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Green Acre #373: Rock That!

Gravel gardens look good, but getting there is not half the fun. / iStock photo.

By Stephanie Cavanaugh

EVER HEAR of a gravel garden?

This is not a rock garden, where rocks of various sizes are artfully placed among the shrubbish in—usually—some attempt at a Japanese aesthetic. 

Gravel gardens are four- to six-inch-deep beds of gravel thickly stuck about with plants. They require no mulch or fertilizer; the gravel suppresses weeds and retains water. 

Once established, they’re pretty much self-sustaining, requiring 80% less work than your usual . . . um, dirt and plants, or so says garden writer Margaret Roach. She recently provided a lengthy screed on the subject in the New York Times, illustrated with a photo of an enchanting stone cottage nestled in a thriving grove of trees, flowers and ornamental grasses, nourished only by a gravel bed. 

Sounds great, right? Easy peasy. Okay, let’s go! First thing is you remove about six inches of topsoil and replace it with six inches of gravel.

Break out the backhoe. Already we’re in trouble. 

Not to worry, you can do it with buckets, said My Prince. That’s the way they dig out basements in the city.

Hoo, boy. Operative word here: You.* 

This would certainly not be Me. I would sit on the back porch and direct You and your buckets and . . . 

It’s not that complicated, Roach reassures: “The engineering is a little like building a raised bed—although you don’t have to actually raise it, but you do have to excavate the topsoil layer to make room for that four- or five-inch gravel base.”

She says nothing, by the way, about the condition of the soil beneath. One expects it has to be . . . Turned? Churned? Improved? Anyway, to continue . . . 

Then you must install a six-inch-tall border, “a perimeter barrier,” she calls it, to keep the rocks in. “…Curb stones, bricks, concrete pavers or even found stones.” My back, my back or,  rather, yours.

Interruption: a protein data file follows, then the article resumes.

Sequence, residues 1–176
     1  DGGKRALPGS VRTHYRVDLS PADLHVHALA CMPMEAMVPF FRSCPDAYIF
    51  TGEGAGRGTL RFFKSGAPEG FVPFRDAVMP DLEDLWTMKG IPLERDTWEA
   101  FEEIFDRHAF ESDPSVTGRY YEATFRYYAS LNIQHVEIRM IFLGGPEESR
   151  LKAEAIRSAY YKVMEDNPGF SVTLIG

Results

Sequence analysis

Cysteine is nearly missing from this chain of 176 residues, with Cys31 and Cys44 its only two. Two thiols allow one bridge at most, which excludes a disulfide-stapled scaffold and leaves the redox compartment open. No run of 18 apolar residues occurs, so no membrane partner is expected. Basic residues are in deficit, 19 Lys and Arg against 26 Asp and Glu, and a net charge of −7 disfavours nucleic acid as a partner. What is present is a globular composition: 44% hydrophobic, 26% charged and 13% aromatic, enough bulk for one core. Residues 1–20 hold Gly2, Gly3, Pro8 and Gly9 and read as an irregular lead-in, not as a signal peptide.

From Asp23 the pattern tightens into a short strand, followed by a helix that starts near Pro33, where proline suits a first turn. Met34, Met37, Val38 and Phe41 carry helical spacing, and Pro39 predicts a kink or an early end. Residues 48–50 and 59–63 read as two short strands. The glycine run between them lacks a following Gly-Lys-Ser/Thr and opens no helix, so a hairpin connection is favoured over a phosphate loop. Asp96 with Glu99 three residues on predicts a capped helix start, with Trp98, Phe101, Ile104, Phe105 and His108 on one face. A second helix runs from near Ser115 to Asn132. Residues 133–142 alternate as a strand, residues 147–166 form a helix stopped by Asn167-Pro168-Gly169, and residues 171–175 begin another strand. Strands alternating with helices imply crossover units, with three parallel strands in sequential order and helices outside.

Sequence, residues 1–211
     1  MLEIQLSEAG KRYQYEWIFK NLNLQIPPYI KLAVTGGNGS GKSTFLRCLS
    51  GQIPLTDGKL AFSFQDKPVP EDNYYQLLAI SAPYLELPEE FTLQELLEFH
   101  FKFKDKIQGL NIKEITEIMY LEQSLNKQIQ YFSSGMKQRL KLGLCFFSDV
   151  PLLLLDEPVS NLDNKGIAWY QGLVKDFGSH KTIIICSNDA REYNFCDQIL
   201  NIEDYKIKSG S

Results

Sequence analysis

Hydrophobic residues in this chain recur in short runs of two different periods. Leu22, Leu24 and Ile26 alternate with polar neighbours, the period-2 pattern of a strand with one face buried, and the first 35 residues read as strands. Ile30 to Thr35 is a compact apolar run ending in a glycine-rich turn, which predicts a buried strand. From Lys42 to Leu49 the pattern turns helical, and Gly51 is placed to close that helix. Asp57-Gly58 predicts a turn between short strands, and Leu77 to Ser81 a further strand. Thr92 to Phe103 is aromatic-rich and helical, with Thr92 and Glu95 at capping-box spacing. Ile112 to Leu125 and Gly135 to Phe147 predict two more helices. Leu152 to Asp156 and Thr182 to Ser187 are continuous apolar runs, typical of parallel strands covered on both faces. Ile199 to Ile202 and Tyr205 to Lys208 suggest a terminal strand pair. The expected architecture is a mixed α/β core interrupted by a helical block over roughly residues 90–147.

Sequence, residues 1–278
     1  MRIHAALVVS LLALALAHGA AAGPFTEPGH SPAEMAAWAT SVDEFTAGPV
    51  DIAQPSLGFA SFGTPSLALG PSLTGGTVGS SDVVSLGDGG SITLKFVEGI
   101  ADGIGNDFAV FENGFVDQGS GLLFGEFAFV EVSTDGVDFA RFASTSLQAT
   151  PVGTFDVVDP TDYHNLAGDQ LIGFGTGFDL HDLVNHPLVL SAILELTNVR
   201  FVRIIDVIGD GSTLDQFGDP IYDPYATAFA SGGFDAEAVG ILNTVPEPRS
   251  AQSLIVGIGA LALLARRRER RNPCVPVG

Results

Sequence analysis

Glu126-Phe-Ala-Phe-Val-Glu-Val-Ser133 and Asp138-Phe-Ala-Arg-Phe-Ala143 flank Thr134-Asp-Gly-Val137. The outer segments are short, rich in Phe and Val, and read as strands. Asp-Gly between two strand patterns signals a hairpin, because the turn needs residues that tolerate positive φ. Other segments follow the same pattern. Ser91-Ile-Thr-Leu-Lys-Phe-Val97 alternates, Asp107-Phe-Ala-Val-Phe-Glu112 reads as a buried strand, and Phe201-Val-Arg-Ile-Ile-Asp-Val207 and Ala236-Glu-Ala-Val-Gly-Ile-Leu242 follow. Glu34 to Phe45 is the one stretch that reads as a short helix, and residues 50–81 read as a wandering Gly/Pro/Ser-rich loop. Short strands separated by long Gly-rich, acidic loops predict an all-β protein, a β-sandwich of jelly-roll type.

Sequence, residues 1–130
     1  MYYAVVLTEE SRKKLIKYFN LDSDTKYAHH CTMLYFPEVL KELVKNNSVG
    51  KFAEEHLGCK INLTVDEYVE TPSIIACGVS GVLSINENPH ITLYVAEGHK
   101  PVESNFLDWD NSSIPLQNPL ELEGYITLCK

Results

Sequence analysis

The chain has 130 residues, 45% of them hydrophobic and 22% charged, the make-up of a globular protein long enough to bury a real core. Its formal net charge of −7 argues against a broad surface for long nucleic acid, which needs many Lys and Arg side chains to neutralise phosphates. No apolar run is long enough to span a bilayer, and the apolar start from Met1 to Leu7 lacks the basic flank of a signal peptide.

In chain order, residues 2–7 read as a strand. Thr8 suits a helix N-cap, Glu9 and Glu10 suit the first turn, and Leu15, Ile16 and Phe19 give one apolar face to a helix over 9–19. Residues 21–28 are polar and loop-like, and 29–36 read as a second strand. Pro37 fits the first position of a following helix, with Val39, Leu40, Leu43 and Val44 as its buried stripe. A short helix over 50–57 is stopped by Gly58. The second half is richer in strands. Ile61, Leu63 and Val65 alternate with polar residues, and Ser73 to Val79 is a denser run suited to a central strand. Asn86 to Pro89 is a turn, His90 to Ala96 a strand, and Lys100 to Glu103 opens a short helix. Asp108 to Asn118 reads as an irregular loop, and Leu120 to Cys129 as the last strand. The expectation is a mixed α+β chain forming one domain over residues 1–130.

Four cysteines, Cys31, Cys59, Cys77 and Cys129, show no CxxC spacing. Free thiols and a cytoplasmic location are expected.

Now that you’ve cleared that top layer of soil, bring in a dump truck full of gravel, “washed hard stone like granite or quartz, not limestone or sandstone,” and spread it over the bed(s) to the aforementioned depth of six inches. 

What kind of rake does one need for this?

Now we get to installing or reinstalling your plants, which should be set about a foot apart. Roach provides a lovely list of candidates, in this case native perennials, grasses and such. Make sure all the soil is removed from the roots before planting to avoid importing weeds. Now, “using gloved fingers, not trowels,” make holes for the plants and insert them. 

Oy, your poor fingers. 

The good part is that maintenance is pretty much confined to clean-up. In late fall, trim back herbaceous plants and remove the debris and fallen leaves and spent flowers: You don’t want to invite weeds. A leaf blower is suggested to get the crap that has dug itself in. 

Unless you have dogs. But Roach doesn’t get into that. 

On second thought. Let’s change the “first thing” to: Install a hot tub Your joints will thank me. Not mine. Mine will still be resting on the back porch with my coffee, feet propped up, leafing through the Sunday Times for something else to ruminate on. 


* I have no any intention or desire to make a gravel garden. As it happened, the article appeared in the Sunday New York Times, right above one of my favorite real estate features: what you can buy for something like 2 million bucks or so in Brooklyn (1,200-square-foot condo, with 55,000 square feet of amenities), Miami (1,932-square-foot 2 bedroom, 2 bath condo with park views), or Akron, Ohio (a 5,643-square-foot house with a 9-car garage on 19 acres). Wonder what it’s like to live in Akron? That was an aside.


One thought on “Green Acre #373: Rock That!

  1. Carol says:

    YES you can..such fun we would have!

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